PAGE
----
Dynamic remodeling of connectivity is a fundamental feature of neocortical circuits. Unraveling the principles underlying these dynamics is essential for the understanding of how neuronal circuits give rise to computations. Moreover, as complete descriptions of the wiring diagram in cortical tissues are becoming available, deciphering the dynamic elements in these diagrams is crucial for relating them to cortical function. Here, we used chronic in vivo two-photon imaging to longitudinally follow a few thousand dendritic spines in the mouse auditory cortex to study the determinants of these spines’ lifetimes. We applied nonlinear regression to quantify the independent contribution of spine age and several morphological parameters to the prediction of the future survival of a spine. We show that spine age, size, and geometry are parameters that can provide independent contributions to the prediction of the longevity of a synaptic connection. In addition, we use this framework to emulate a serial sectioning electron microscopy experiment and demonstrate how incorporation of morphological information of dendritic spines from a single time-point allows estimation of future connectivity states. The distinction between predictable and nonpredictable connectivity changes may be used in the future to identify the specific adaptations of neuronal circuits to environmental changes. The full dataset is publicly available for further analysis. Significance statement: The neural architecture in the neocortex exhibits constant remodeling. The functional consequences of these modifications are poorly understood, in particular because the determinants of these changes are largely unknown. Here, we aimed to identify those modifications that are predictable from current network state. To that goal, we repeatedly imaged thousands of dendritic spines in the auditory cortex of mice to assess the morphology and lifetimes of synaptic connections. We developed models based on morphological features of dendritic spines that allow predicting future turnover of synaptic connections. The dynamic models presented in this paper provide a quantitative framework for adding putative temporal dynamics to the static description of a neuronal circuit from single time-point connectomics experiments.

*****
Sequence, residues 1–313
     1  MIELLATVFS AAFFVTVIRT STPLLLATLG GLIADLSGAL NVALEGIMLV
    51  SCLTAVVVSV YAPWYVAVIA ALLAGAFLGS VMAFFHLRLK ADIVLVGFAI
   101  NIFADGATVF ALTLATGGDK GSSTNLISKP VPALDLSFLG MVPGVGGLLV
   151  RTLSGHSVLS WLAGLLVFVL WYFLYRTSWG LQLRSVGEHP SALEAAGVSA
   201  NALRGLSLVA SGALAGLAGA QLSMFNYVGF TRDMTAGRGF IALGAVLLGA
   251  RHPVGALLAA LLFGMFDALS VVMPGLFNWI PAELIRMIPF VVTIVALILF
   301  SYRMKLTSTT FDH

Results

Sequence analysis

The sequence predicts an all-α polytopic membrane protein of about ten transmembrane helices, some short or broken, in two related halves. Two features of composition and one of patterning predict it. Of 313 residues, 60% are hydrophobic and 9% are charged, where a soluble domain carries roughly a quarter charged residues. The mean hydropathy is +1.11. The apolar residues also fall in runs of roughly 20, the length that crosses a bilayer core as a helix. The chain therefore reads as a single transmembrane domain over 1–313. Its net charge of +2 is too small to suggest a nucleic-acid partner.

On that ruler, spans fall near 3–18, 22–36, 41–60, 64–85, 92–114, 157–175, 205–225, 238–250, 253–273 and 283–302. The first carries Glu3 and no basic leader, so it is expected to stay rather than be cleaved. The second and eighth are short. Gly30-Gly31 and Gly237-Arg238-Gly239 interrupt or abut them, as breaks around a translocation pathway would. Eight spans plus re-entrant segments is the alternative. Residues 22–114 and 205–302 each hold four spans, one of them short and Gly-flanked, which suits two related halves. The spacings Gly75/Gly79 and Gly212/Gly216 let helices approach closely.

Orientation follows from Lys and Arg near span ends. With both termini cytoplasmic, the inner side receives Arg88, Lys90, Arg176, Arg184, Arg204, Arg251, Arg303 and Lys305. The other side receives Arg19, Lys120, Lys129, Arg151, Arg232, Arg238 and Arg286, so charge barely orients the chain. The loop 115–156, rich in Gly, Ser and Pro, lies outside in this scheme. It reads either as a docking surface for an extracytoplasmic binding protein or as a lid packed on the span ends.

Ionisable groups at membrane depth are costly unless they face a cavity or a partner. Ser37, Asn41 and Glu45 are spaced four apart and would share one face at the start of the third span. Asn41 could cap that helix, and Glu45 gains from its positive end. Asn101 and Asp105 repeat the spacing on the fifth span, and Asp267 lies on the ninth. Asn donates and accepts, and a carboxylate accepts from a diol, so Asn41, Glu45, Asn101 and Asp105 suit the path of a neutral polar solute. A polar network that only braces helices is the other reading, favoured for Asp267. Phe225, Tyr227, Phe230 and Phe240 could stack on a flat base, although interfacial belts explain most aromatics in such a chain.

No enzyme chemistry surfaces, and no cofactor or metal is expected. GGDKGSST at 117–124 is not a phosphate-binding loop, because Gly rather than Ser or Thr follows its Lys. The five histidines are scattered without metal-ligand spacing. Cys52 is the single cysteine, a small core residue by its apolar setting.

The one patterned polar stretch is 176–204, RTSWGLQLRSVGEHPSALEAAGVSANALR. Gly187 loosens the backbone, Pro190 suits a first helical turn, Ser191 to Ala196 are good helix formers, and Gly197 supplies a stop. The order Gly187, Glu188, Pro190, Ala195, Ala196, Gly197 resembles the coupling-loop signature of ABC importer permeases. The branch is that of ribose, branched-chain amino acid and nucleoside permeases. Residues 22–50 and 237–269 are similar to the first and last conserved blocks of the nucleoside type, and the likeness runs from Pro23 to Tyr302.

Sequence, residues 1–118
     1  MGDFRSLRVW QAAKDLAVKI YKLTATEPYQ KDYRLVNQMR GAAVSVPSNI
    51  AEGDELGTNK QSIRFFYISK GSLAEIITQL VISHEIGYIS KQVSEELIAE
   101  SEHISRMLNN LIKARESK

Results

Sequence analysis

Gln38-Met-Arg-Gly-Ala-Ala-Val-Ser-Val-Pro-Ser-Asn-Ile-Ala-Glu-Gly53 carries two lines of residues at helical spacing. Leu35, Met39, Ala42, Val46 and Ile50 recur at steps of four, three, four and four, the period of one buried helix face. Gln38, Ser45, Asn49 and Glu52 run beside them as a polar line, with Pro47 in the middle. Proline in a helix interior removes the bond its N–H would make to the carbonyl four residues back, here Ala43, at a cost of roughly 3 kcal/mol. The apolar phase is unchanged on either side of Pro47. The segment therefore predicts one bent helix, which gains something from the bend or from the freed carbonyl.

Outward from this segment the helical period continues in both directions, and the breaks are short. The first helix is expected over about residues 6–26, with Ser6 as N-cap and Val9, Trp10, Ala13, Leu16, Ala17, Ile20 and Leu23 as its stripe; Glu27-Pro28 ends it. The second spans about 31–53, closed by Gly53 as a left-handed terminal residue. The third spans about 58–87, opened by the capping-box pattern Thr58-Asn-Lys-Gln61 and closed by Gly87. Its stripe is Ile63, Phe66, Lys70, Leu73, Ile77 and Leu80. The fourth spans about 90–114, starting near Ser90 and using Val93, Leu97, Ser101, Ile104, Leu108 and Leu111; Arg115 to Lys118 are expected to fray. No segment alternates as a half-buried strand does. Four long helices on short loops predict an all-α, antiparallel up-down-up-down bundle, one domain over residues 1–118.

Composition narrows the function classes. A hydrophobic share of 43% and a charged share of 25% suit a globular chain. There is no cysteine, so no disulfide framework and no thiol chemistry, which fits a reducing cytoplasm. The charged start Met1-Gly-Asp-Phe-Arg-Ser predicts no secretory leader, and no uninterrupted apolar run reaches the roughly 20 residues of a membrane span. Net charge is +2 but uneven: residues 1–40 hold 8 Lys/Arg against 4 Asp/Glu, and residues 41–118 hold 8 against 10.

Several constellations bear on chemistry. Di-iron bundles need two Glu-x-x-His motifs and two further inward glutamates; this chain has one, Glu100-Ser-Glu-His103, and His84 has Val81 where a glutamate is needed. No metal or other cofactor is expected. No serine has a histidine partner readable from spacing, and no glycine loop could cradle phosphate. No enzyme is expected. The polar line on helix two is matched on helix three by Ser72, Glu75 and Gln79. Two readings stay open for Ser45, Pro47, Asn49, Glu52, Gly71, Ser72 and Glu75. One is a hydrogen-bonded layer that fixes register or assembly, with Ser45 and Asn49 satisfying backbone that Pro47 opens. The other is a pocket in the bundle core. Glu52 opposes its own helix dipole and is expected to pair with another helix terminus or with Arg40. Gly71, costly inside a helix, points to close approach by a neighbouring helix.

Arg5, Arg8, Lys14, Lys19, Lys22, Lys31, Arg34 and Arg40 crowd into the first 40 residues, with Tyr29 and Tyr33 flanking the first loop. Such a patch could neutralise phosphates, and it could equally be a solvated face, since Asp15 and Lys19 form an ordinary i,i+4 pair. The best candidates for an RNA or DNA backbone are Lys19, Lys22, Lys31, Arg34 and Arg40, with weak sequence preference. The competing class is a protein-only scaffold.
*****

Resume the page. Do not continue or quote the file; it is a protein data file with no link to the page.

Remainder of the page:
Predicting the Dynamics of Network Connectivity in the Neocortex
Authors: Loewenstein Y, Yanover U, Rumpel S.
Year of publication: 2015
Journal: J Neurosci. 2015 Sep 9;35(36):12535-44.
Link to publication: